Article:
There are a few foods that are universally known to be addictive: nuts, popcorn, slangetjies (my Cape Malay folk will relate), and… muesli.
Muesli versus Granola
South Africans typically relate to and recognise the word muesli more than they do granola. While the word muesli originated in Europe, granola has its origins in North America. However, etymology is not the beginning and end of their differences. Some would say that granola is a variety of muesli. Others would say that while they look similar, one ingredient sets the beloved American granola apart from it’s muesli counterpart – a sweetener.
Both muesli and granola are cereals made up of oats, nuts and dried fruit, and are usually eaten with milk or yoghurt. Granola, however, is prepared with a sweetener, and the mixture is baked until it’s toasted. The joy of granola lies in it’s versatility. You could have it as a cereal or snack. I usually snack on the cereal as is, but you could turn them into bars that are either baked or refrigerated to set. You could even create granola clusters!
I grew up eating muesli, but I have to admit, granola feels like a satisfying, grown up choice. The best part about all of this is that it’s incredibly simple to prepare your own granola at home.
Making your own granola
Making your own granola takes very little effort and is completely adaptable. You can add or omit any of the ingredients, barring the rolled oats and sweetener. You can play around with different combinations and spices to create an interesting new batch, every time. Not to mention that you’re able to exercise full control over the amount and type of sweetener used. You could experiment with different kinds of sugars, syrups, or honey.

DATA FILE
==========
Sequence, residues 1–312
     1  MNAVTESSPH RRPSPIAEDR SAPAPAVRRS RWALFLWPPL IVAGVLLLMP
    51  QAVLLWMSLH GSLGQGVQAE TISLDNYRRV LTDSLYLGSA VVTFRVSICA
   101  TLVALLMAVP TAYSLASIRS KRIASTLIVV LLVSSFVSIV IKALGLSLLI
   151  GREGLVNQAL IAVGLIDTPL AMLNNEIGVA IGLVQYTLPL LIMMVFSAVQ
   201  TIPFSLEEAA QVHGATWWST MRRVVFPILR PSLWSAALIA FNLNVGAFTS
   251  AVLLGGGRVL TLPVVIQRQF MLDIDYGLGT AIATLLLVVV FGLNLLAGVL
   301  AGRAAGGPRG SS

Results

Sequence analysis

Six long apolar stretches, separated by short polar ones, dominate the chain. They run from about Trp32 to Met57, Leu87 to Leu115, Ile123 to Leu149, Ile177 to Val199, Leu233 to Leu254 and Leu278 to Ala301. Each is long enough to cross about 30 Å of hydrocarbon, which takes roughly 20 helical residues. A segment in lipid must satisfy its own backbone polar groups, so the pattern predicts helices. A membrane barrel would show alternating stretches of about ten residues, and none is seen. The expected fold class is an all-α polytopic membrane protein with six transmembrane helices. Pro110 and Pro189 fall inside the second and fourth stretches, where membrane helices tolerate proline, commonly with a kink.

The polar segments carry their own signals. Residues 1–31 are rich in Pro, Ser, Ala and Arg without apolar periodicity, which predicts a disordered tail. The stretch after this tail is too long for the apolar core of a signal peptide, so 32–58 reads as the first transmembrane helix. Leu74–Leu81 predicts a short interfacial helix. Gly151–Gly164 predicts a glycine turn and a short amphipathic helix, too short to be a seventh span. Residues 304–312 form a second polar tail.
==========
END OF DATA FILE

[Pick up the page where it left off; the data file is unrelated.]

I thought I’d start off with a simple, yet delicious version that includes my favourite additions: nuts AND raisins. And to keep it as healthy as possible, I’ve selected maple syrup as the sweetener. After eating raw, unsalted nuts for so long, this went down such a treat!
Some pointers to get you started
- It’s highly advisable that you use rolled oats. Instant and quick oats are processed, while rolled oats are not. The quality of the two differ significantly. I challenge you to do a side-by-side comparison, and decide for yourself.
- Adjust the sweetness to your preference, and always try to use the “healthiest” form of sugar you have access to.
- Adjust the baking time to your preference. I like my nuts roasted, and my oats crunchy, so I usually bake it for up to 60 minutes. It’s a good idea to keep an eye on them from the 40 minute mark.